About Roma Mehta: She is from Living Design [www.livingdesignindia.com] – a design house that believes that design and creativity elevates communication. She has created promotional material in print and digital media for nonprofits and foundations in Taiwan, Australia, DRC Congo and India. She manages a design and print business in Taiwan and is now based in Kolkata. Roma also loves art and works on creative art projects with children. Living Design helps nonprofits with design consultancy and marketing materials to enable them to create more impactful campaigns.
Here she shares recap about the session -
Creating an effective PowerPoint presentation is a lot like telling a story. The plot and the lead in is just as important as the content. Capturing the audience’s attention from the start by paying attention to some key elements can insure your success in getting your message across.
The session with iVolunteer on 29th January 2014 focused on creativity and content. After discussing the dos and dont’s of an effective PowerPoint, we took a look at some existing presentations that the participants had brought. The group then engaged in some constructive criticism and practiced on some examples.
Some of the topics covered were:
Its all about the viewer:
Most PowerPoint are about the company or individual presenting. That’s a huge mistake. The story is never about the presenter. It is about the audience. Knowing your audience means finding the hook to keep them engaged, targeting their needs and granting their wishes.
Their wish is to help you because you have just brought them into your story. You have just shown them a slice of the pie and they want more. As Steve Jobs once said, “…people don’t know what they want until you show it to them.”
Keep the audience in mind at all times. Connect the dots for them as you walk them through your story. End on a high note so your audience takes away a positive feeling.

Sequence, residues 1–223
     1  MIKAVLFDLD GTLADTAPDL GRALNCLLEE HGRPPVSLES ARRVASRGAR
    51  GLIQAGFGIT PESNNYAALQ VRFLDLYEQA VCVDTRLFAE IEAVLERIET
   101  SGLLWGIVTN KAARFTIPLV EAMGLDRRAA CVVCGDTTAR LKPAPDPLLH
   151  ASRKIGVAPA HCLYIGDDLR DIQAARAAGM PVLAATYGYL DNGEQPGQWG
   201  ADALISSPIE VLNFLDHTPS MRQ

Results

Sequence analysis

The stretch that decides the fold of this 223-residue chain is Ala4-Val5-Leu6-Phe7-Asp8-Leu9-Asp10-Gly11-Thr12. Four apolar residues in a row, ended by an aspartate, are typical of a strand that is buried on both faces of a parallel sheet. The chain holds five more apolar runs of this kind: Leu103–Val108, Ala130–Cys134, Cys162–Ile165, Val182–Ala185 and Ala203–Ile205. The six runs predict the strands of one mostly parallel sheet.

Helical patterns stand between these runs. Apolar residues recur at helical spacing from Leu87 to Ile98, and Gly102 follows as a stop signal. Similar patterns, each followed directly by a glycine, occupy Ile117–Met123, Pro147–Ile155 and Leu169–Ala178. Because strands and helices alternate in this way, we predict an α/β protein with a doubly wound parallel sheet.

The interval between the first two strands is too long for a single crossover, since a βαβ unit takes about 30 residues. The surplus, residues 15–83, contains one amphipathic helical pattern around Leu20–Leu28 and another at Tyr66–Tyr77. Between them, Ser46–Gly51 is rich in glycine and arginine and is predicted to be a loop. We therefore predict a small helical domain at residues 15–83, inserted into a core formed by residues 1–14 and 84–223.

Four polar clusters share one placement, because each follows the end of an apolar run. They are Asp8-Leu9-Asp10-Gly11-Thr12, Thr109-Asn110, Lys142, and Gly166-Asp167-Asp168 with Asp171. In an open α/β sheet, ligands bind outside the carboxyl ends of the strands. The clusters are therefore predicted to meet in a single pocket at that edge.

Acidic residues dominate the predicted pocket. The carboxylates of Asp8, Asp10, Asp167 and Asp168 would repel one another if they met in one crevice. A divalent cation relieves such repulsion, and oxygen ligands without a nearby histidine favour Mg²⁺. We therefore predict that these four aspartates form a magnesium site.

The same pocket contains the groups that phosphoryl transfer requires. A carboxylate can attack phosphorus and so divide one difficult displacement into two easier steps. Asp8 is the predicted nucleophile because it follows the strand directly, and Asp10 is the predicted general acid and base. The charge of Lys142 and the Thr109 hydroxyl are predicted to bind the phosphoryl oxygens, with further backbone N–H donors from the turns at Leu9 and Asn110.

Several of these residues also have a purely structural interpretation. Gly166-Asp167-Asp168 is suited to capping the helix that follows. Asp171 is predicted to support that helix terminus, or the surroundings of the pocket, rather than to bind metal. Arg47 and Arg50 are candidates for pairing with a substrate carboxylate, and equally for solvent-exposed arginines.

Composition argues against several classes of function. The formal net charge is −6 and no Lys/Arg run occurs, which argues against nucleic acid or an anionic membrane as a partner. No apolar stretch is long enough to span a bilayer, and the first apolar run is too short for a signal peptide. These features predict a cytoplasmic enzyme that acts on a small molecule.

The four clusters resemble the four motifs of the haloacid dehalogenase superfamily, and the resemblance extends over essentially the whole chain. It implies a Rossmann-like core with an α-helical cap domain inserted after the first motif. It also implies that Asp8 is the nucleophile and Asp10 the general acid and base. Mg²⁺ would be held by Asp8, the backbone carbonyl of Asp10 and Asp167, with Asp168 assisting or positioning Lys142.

Engage, Inform, Motivate:
In order to engage, inform and motivate your audience, your story has to do just that. Engage. Inform. Motivate. Not deliver facts and figures that you have collected and compiled on a few slides. Keep the text on the slides to a minimum, speak more and try to use one or two impactful visuals instead of using too many bad ones.
Less is more:
Your audience can only grab three key points in one session. Focus on the three most important aspects of your work that you wish to convey and elaborate on those. The rest is will follow once you have them interested.
As a presenter, your body language can speak for you. Be animated, show your enthusisasm with gestures, voice control and facial expression. Eyes, voice, body can all convey authority on the subject you are speaking about. Practice in front of a mirror or a colleague so you can feel comfortable. Keep the audience engaged by being engaged in what you are saying. Enthusiasm can be infectious.
Selecting good visuals, paying attention to grammar, punctuation, spellings, and fonts are essential for making a good impression. It may sound like small stuff but they are all key elements of the big picture.
Visuals are the single most powerful element and should be chosen carefully with an eye to aesthetics and functionality both. Harmonise colours, create a feeling by understanding what emotions various colour ranges evoke. Create a colour palette that matches your choice of photos.
Check if cables, connectors, equipment are all in order. Do a practice run. There is nothing worse than having your audience wait due to some technical hitch.
- Know your audience
- Is your target audience familiar with your organization?
- Is there a preconception you need to overcome?
- What new information are you giving them?
- What do you want them to feel and do?
- Check your equipment
- Check sound and light
- Set up your audience seating
- Practice your introduction – less about you and more about your work
- Keep the audience engaged by throwing out an occasional question
- Use a powerful visual that encapsulates your message
- Refrain from reading out slides; say the words, show the pictures
- Create a visual story in words, color, images and content flow
Thanks for reading
“Hi Nirakar, this email is from iVolunteer Overseas regarding your application for volunteering with VSO. We are glad to inform that you have been selected and your profile is matching with an organization in Mozambique!”